Festival De Jerez Week One: Joy, Sadness and Hard Work

1 Mar


I’ve had good luck and some foresight when it comes to choosing flamenco teachers. Generally I select them on the recommendation of other dancers whose opinion I respect or because I’ve admired an artist’s live performances. All of them have brought something different and priceless to the studio and I’ve tried my damndest to put their advice into practice.

This week I went back to square one for Alegrias with Leonor Leal and Tangos de Malaga with Mercedes Ruiz. Both of these Jerez-born women are exceptionally talented dancers and teachers. Anyone who’s read my flamenco journal will know how much I adore Leo’s alegrias and Mercedes performs one of the best ever Farruca’s. Just check it out on youtube.

When I saw they were both teaching in Jerez I registered for both of their basic level workshops thinking I would probably only get one because they are so popular. When I received confirmation I had both and realised I would be dancing almost five hours a day for seven days straight I wondered if I could last the distance. It’s been tough at times but I’ve learned so much from them I wouldn’t have traded the pain for anything.

Both workshops have been at the same venue, the Peña Tio Jose de Paula on Calle Merced. They’ve erected a mirror wall and laid down wood flooring. It’s humbling to dance amongst photos of the great musicians and dancers who’ve performed in that space.

Mercedes is a few years older and in fact taught Leo for a time, so there are several similarities in methodology but many differences too. Of the two I would say that Leo’s approach to explaining how to use your body effectively to perform has been the most relevant to me. She is very generous in sharing her stagecraft. Mercedes on the other hand has an incredible ability to teach choreography through technical exercises, plus deconstructing and rebuilding sequences that takes a lot of the anxiety out of learning a new style. Her choreography flows beautifully.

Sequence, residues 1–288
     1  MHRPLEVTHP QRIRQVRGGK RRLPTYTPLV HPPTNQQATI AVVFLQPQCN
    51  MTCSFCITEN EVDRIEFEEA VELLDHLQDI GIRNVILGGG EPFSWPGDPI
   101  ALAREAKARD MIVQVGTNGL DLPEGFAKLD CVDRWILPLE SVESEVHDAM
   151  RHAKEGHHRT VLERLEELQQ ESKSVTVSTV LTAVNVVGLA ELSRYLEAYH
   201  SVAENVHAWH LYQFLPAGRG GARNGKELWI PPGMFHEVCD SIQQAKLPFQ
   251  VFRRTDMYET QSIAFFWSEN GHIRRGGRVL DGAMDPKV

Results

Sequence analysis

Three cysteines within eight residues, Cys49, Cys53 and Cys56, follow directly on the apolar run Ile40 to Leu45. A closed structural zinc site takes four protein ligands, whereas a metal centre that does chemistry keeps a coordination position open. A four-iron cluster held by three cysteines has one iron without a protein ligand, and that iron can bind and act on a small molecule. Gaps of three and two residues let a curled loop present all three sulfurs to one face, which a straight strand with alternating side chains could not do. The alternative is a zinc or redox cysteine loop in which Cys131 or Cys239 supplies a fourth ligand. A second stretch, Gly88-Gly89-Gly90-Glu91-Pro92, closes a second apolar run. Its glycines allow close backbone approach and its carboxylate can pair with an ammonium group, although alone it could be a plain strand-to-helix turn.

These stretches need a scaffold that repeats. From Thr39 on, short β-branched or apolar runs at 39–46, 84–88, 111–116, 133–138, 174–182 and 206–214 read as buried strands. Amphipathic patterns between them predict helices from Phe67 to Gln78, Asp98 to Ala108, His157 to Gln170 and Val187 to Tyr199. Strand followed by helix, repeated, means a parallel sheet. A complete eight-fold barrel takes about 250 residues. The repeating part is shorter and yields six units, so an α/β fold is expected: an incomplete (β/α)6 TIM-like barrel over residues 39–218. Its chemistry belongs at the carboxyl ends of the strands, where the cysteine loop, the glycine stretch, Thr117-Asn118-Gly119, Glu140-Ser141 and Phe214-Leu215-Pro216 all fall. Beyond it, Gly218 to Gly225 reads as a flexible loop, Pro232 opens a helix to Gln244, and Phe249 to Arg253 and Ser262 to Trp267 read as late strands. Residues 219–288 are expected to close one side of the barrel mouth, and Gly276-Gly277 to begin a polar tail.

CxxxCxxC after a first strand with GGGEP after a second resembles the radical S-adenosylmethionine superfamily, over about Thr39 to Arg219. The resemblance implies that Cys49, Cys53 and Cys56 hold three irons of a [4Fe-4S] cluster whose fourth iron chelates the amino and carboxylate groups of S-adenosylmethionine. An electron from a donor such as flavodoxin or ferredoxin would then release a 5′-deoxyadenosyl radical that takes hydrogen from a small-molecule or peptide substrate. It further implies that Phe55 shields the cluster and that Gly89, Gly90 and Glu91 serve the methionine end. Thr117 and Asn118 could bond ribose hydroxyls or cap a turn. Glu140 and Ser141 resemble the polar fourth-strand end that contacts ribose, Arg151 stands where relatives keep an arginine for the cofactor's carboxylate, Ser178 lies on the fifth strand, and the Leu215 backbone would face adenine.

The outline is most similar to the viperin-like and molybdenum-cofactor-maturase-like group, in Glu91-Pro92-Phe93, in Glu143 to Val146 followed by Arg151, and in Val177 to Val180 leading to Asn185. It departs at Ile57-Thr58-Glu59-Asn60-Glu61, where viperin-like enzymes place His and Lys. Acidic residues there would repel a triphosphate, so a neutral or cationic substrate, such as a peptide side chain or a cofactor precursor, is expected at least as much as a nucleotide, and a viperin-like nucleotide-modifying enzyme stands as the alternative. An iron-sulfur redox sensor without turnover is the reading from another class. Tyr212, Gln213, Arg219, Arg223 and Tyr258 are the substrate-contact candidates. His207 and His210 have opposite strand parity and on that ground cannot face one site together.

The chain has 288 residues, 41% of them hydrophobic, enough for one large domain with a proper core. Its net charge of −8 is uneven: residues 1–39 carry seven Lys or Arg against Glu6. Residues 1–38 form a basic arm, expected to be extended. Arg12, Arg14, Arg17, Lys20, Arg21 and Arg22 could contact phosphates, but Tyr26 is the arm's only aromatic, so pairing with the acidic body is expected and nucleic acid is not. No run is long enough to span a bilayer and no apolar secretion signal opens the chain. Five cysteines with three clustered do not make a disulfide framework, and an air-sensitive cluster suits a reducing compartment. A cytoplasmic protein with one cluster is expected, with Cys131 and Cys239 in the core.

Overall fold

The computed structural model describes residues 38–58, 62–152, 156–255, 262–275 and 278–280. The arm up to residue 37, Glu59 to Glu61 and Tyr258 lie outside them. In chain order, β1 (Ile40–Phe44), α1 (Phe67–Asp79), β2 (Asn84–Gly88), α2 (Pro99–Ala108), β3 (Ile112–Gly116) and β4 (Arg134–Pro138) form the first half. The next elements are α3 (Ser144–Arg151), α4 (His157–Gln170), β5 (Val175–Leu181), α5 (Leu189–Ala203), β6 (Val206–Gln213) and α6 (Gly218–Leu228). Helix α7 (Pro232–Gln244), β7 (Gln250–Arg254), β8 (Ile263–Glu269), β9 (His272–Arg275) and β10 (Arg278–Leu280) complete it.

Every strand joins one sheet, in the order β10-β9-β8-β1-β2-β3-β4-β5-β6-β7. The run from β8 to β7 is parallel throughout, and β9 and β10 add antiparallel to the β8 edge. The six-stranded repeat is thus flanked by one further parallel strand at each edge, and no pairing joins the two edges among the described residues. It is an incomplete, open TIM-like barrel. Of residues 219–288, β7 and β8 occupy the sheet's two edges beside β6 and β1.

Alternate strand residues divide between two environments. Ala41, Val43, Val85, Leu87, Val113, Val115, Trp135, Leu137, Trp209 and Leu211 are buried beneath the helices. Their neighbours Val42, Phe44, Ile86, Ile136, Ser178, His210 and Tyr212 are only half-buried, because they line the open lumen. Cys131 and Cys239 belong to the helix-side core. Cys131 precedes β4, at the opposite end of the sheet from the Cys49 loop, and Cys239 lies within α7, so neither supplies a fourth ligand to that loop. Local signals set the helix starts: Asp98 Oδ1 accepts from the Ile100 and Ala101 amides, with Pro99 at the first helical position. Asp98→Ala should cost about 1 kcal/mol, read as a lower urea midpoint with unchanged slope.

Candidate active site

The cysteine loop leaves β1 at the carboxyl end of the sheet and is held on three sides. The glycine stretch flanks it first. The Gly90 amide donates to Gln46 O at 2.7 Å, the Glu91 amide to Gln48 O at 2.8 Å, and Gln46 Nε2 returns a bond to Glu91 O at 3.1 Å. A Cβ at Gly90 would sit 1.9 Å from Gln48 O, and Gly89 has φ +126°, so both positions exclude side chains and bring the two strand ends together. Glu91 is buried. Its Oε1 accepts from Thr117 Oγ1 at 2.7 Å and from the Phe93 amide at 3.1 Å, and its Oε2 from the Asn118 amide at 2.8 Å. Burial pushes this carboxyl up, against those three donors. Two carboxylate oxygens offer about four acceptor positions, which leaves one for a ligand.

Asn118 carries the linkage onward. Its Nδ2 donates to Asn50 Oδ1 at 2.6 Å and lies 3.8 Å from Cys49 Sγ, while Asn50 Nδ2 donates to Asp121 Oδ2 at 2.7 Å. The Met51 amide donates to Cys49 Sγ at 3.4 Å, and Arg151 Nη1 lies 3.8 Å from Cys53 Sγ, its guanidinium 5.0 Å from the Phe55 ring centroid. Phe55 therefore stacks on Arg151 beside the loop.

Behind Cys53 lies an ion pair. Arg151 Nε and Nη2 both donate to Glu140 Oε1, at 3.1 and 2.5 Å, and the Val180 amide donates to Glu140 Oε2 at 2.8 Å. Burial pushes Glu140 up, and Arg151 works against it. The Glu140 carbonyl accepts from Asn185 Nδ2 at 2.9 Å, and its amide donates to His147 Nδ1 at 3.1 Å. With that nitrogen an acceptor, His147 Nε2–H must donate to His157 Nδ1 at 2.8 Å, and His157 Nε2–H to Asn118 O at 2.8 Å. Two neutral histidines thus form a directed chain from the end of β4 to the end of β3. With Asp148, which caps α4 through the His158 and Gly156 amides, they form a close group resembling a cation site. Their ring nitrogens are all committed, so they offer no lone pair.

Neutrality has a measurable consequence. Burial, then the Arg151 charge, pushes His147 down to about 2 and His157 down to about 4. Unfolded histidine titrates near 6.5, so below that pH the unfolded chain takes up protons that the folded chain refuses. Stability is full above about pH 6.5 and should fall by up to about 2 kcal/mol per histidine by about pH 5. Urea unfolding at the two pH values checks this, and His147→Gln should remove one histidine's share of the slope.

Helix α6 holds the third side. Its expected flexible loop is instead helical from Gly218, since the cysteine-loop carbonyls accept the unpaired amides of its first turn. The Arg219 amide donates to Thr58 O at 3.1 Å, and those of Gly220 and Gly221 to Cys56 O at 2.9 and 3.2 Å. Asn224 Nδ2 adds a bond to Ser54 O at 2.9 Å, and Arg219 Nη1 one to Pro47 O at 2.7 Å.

With Mercedes Ruiz in front of the infamous columns – had regular run ins with them when moving backwards!

Both women have warm, sunny natures and keep the atmosphere light, even when we’re working intensely. They have a strong following in Japan and Germany and both speak some Japanese, while Leo’s English is pretty good too.

Rather than teach by having us simply copy movements Leo uses a lot of visual imagery and makes weird and wonderful sound effects with her mouth to convey the effect she’s looking for. We have been at different moments blowing up balloons, scything wheat, being caged lions and tigers, had tree roots for feet and waded through honey.

Today we were breaking down the basic marking step for Alegrias and doing a pity poor job of it when Leo stopped us and went to get her phone charger. She suspended the cable from the lowest midpoint in her pelvis (yes, that’s the spot) and explained that she wanted us to feel like the cable was attached to us and plugged into the earth. We were to guard that space – no crossing of legs – and keep the cable vertical as we danced. Sounds weird but it works!

The last forty to forty-five minutes of each session we have the singer and guitarist and that’s when I am always struck afresh by how flamenco, more than almost any other music, has a direct connection to my emotions. Even after seven years of intermittent study I cannot keep the smile off my face and tears overflowing my eyes. Even writing this I am remembering the joy that comes when certain notes are struck by the singer and those small flourishes of the guitarist. Pure magic.